Wednesday, March 11, 2015

Visiting Grosse Ile ~ Irish Immigration to Canada ~1832-1937

 I am blogging my visit to 
"Grosse Ile" (Big Island). (2009).
This Island served as a  Quarantine Station
 for Immigrants coming into Canada
 during 1832-1937. 
"Grosse Ile" a tiny island, 
located in the St. Lawrence River,
 east of Quebec City. 

"Grosse Ile" served as  a quarantine station to help control the spread of the cholera and small pox epidemic (ravishing Europe at that time) that infested immigrants coming into Canada from Europe during the Potato Famine and cholera outbreak.

I went with the Irish Society of Richmond, Quebec.
The trip was organized by 
 Mark O'Donnell of Richmond. 
 (R.I.P. Mark)

We took a bus from Richmond, 
followed the Rte. 20 going east and 
passed Quebec City to the town of 
There we took a boat to the island.

We boarded a boat for a 45 minute ride to Grosse Ile 
The Island in the distance

A nice day for a boat ride

A view of the hospitals above.

In 1974, the Old Quarantine Station became a 
National Historic Site under the jurisdiction of
Parks Canada.
 Disinfection Building, on the dock.

In this building are
The original steam disinfection apparatus,
 showers and waiting rooms.
These huge boilers provided steam for 
disinfecting and hot showers. 
Employees in period costume, 
illustrate the disinfection process 
that immigrants had to undergo as of 1893.

 It is believed that over 3000 Irish died 
on the island and over 5000 are currently 
buried in the cemetery there; 
many died en route,  from hunger and 
disease during the long voyage across
the Atlantic,  on cargo boats.

Most who died on the island 
were infected with typhus
which sprang up from the
 conditions there in 1847. 
The Huge Glass Panel with all the names.
Those who died at Grosse Ile or on boats, immigrants,
employees and sailors names are on this plaque.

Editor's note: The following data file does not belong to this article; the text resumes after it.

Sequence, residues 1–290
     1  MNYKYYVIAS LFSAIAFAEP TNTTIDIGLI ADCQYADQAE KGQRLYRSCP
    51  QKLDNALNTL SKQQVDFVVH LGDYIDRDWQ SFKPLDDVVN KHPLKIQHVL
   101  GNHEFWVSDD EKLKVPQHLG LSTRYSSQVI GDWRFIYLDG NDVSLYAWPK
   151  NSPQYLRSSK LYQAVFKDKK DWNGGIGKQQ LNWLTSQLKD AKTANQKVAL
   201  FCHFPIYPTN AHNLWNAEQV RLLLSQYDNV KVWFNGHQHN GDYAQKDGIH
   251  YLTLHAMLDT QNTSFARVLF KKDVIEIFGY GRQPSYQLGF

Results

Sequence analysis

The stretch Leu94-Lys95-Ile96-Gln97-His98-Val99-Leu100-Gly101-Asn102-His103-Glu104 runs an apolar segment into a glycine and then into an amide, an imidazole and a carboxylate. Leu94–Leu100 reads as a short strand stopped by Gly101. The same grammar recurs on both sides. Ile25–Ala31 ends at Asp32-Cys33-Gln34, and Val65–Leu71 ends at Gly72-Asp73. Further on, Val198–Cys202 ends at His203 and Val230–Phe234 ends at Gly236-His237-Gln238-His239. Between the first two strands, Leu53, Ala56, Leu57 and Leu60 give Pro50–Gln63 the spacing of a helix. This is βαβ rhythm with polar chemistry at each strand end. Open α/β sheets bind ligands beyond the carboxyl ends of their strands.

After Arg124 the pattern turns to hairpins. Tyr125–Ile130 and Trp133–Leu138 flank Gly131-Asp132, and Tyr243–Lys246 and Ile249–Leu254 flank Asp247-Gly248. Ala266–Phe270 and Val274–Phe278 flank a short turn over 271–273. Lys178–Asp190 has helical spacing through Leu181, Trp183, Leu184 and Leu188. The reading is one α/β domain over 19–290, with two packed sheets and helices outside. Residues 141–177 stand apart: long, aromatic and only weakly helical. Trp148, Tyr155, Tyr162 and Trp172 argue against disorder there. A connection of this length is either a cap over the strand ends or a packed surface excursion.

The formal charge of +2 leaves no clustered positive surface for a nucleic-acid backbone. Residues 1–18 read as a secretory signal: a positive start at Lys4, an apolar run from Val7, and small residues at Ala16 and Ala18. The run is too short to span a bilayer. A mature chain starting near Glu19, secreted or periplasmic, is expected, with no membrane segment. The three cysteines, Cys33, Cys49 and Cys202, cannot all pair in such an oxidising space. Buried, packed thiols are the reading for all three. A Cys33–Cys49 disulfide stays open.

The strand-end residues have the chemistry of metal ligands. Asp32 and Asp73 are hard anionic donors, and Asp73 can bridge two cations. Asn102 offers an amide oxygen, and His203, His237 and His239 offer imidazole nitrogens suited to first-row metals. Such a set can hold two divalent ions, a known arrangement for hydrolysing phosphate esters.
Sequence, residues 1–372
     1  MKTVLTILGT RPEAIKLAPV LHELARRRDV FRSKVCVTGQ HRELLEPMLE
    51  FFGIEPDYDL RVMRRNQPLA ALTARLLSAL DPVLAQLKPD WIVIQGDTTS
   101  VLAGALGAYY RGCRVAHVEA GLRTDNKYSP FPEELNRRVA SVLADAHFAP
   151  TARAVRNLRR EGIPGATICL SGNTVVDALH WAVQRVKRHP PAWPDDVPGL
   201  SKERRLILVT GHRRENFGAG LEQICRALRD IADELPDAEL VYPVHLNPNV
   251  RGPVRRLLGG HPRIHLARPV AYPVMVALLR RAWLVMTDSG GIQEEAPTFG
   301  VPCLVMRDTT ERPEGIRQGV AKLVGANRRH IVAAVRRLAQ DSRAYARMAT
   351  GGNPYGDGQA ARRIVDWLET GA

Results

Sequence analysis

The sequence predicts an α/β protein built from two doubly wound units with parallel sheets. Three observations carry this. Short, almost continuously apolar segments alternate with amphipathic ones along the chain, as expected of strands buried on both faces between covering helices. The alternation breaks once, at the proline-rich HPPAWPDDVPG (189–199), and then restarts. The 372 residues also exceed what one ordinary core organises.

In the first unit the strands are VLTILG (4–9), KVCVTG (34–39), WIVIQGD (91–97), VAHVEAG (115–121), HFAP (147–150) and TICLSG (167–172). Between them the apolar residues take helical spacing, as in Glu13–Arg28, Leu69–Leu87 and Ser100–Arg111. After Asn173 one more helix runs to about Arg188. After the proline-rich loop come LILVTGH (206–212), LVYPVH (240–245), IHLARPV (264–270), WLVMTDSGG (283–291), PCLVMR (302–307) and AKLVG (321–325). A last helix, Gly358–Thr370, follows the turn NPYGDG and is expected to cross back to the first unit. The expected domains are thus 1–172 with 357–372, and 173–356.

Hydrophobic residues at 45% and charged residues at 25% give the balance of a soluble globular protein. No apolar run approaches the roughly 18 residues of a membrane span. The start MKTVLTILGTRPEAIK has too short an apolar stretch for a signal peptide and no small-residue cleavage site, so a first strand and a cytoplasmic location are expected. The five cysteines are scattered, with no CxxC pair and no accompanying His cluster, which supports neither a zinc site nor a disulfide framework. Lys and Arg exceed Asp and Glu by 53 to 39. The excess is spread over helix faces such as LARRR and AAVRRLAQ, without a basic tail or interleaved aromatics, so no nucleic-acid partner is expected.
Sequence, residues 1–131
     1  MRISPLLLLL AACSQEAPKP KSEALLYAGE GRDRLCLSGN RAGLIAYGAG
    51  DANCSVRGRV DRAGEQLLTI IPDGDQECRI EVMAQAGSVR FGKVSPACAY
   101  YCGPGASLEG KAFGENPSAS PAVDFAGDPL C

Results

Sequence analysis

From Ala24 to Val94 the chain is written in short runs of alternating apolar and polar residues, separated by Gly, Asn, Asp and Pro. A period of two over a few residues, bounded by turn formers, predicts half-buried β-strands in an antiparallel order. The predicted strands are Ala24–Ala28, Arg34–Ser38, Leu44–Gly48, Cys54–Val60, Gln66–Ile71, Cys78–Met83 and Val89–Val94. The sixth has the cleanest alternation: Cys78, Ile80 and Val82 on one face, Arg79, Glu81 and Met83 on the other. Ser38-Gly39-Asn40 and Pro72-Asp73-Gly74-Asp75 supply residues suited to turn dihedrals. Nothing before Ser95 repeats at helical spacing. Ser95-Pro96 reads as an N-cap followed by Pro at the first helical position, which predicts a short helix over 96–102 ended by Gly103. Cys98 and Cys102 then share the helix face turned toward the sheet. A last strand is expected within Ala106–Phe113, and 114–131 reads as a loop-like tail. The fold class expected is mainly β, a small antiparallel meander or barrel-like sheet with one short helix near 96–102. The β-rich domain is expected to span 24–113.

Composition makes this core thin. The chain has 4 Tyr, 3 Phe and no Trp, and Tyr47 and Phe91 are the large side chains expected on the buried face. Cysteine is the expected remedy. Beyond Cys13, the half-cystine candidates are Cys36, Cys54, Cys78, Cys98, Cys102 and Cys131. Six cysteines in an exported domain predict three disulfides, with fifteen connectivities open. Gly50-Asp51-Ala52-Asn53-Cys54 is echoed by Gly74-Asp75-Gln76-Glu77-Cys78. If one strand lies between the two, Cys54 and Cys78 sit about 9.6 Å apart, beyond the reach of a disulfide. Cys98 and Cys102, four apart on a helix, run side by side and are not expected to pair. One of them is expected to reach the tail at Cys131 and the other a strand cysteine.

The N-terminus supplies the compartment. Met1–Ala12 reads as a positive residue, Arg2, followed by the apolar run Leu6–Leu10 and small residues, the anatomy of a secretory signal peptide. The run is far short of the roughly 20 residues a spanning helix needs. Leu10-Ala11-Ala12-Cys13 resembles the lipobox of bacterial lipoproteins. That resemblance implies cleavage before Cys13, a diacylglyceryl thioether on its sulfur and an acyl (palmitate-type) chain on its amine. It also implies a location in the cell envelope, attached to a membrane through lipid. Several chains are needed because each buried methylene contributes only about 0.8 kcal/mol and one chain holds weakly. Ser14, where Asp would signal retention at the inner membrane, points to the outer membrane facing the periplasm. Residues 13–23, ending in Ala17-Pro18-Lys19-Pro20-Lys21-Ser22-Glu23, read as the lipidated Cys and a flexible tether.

My family name, being "Day" 
I researched W.O. Day, the only "Day" on the list.
 (Click here  Federal Gov't Data Base)
The info. gives his age as 2 yrs. old. died 1847 in Hospital at Grosse Ile,  buried in the Cemetary on the Island. He arrived on the ship Wandsworth from the port of Dublin, Ireland. (Wandsworth is a town in England) I wonder what happened to his parents? 
I am of English/Scottish descent and 6% Irish.
I am native of the Gaspe coast in Eastern Quebec.
One of the ships on route to Grosse Ile was 
shipwrecked of Cap des Rosier in the St. Lawrence. 
     Here is a report on Irish in Gaspe from CBC, July 2019.

I hope to visit the site this Summer.

Buses are provided for tours
 around the Island

Vaccination and Medical Examination Office 

Anglican Church. 
There is also a Catholic Church on the Island

Doctors Home

In one of the Hospitals, red windows and walls 
to protect the eyes from light exposure
 from Smallpox disease.

One of the 3 hotels /hospitals that housed and treated the sick.
 There are many other buildings on the Island.
Some have been restored.

The disinfection station on the dock


In August 1998, Parks Canada 
inaugurated the 
Grosse Île  and the Irish Memorial.
The Memorial commemorates the memory of the Irish and
other immigrants who perished on the island,
and of those who sacrificed their lives to nurse,
and comfort the sick immigrants.

Marianna O'Gallagher

We were fortunate to have her as our guide for part of our visit. 
She was 80 yrs. old at that time.
An Irish historian from Quebec City who wrote extensively on the history of the Irish in Quebec City.
She was involved in the creation of Grosse Ile National Historic Site and the revival of the Quebec City St. Patrick's Day celebrations.

I must admit I was emotionally moved 
by the story of Grosse Île, due to the
human tragedy that took place on this island.
A learning experience about Canadian History 
that I don't remember learning in school. 
Although, I am surprised at the care  
Canada provided for these immigrants in
 search of a new land, after the long voyage
  and misery on cargo boats they endured to
 get here.

The Government of Canada has a Database that allows people to trace certain immigrants and  members of their family. :

There's more to this Island,  than I have blogged.
 It's a lot to take in/absorb on one visit. 
I'm hoping to return one day.

A book on Grosse Ile.

 Thanks for your visit

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